Sitting in between the Evergreen Funnel and the High Ticket Funnel is the Mid-Grade Funnel. This is actually a great contest funnel for most businesses and is exactly the “sweet spot” between cost and value.

When would you want to run a “Mid-Grade” funnel?

  • When you want a bigger pop then you’d get with the Evergreen funnel.
  • When you have a little bit of a budget, but not a $5k+ budget.
  • When you want all your emails to be qualified.
  • When your product is in a niche that doesn’t have mass appeal. (For example, if your products only appeal to golfers.)

Pros of the Mid-Grade funnel

  1. Get emails in a short amount of time (as opposed to the Evergreen funnel).
  2. Not super expensive to run.
  3. Emails you capture are more qualified.

Cons

  1. Won’t generate as much virality as the High Ticket funnel.

Picking a prize.

For Mid-Grade funnels I like to pick prizes with high purchase intent. You do this because you know the viral sharing won’t be as high because it’s a more niche product. For example, let’s say your product is a year’s supply of tennis balls. This is a great prize that will have a lot of appeal for tennis players, but when the tennis players share your contest, you will only attract other tennis players. This means less emails, but they’ll be more qualified emails.

For more help on prize selection, check out this article.

Finding sponsors and/or partners for your prize.

The Mid-Grade funnel is great for partnerships and sponsors, especially if you can find partners within your niche.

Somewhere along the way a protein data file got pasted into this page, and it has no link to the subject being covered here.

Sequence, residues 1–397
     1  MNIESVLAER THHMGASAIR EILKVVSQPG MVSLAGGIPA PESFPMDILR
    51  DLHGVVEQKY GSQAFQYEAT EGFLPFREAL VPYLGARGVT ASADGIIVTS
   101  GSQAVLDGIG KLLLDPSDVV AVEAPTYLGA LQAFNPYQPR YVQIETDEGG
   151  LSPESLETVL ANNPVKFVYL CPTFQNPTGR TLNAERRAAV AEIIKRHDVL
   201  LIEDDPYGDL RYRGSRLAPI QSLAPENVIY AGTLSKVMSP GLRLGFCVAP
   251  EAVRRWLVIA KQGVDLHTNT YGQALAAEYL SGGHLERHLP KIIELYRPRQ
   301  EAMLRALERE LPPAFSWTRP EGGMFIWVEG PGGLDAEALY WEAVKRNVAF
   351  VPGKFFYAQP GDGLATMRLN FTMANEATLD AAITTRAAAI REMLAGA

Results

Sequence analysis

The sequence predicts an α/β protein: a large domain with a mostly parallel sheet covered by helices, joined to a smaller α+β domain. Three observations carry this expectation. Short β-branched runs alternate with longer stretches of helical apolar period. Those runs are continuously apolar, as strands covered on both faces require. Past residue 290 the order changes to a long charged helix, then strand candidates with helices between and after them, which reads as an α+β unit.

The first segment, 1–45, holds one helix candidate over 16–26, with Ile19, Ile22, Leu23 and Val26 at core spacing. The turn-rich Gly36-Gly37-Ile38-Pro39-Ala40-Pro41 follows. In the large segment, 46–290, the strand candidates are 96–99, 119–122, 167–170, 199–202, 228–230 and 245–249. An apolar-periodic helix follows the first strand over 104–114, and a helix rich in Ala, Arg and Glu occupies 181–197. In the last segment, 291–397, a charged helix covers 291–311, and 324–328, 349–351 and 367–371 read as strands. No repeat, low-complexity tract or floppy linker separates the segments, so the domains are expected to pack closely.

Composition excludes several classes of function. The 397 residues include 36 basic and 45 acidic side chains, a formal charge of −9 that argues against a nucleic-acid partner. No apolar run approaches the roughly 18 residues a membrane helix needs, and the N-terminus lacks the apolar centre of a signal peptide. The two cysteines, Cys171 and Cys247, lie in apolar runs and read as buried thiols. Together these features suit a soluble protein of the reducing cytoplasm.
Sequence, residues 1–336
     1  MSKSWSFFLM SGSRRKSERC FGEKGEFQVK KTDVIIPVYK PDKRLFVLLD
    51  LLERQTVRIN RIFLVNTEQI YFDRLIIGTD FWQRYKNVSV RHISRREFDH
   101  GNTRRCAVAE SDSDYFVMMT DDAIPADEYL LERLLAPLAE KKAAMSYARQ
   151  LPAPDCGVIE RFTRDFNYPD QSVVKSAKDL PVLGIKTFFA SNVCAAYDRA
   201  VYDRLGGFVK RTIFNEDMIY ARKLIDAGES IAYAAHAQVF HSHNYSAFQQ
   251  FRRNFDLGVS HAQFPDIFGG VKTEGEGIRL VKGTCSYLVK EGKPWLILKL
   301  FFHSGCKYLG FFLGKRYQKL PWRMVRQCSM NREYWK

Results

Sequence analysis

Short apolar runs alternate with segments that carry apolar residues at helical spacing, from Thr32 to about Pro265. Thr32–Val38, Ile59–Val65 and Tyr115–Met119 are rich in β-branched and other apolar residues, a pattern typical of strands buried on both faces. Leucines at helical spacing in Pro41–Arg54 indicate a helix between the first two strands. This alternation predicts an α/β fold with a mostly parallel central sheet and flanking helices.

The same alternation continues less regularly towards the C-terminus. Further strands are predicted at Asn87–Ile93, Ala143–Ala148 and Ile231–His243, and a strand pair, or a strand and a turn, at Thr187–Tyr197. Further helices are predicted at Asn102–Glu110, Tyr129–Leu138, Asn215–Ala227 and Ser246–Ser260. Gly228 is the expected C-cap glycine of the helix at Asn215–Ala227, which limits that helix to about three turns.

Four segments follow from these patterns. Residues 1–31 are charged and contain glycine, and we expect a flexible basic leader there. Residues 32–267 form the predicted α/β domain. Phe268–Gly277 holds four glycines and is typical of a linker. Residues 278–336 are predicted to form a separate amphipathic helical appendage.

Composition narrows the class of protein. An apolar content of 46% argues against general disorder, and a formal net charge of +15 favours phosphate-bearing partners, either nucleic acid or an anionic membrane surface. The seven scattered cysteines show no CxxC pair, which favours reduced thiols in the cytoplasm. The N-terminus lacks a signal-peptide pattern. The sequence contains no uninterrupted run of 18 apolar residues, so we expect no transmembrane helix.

Networking

Tyler Lai of Avant Photo gave away a portfolio critique from top beauty photographers. He was able to get this prize by networking with each photographer individually and providing them value. He interviewed each photographer for his magazine and then gave each photographer publicity within his monthly magazine. By creating these “warm connections” he was able to offer this amazing prize without paying a single dollar. He did all of this with an almost non-existent audience (started his contest with ~300 emails).

Cold Emails

Cold emailing sponsors works as long as you can provide value to the sponsor. For example, you could mention that you will link out to their website, you will give out their coupon as an opt-in bribe, and/or provide them publicity on social media. This works really well when you already have a decent-sized audience as your sponsor gets a more pronounced benefit. Jack and Jenn of WhoNeedsMaps used this tactic to get all their prizes for free.

I highly recommend NinjaOutreach for cold emails as this thing is the bomb. Remember, The KEY IS IN THE FOLLOW-UP!

Partners

Great partners can split the cost of the prize and you can cross-promote to each other’s list. Sometimes the final email list of contestants is shared. If that’s the route you want to take, make sure to keep it to 2 or 3 partners, because anymore and you’ll bombard your contestants with emails.

Promoting this type of funnel.

When you advertise your contest, look at targeted groups that are within your niche.

  • Reddit Subreddits are amazing for these kinds of promotions.
  • Communities in general within your niche (think forums, Facebook groups, LinkedIn groups, etc) are amazing if you can make it work.
  • Influencers on Instagram related to your product.
  • Mailing list blasts (aka rent someone else’s list) — target the email lists of people within your industry.

In summary.

  • Look for a prize that’s reasonably priced — I look at items less than $500 when I’m trying to execute this type of funnel.
    • Alternatively, look at prizes that cost you nothing, but deliver an experience to the winner that no one else could provide (for example, getting into Dan Bilzerian’s party).
  • Pick a prize with high purchase intent (aka HIGHLY related to your company’s products) but still has brand recognition within your industry.
    • For example, if you’re giving away a basketball shoe and you’re in the US, give away Nike not Li-Ning (China’s Nike clone).
  • Promote this type of funnel within targeted groups rather than a “spread it everywhere” type of strategy employed by the High Ticket funnel.

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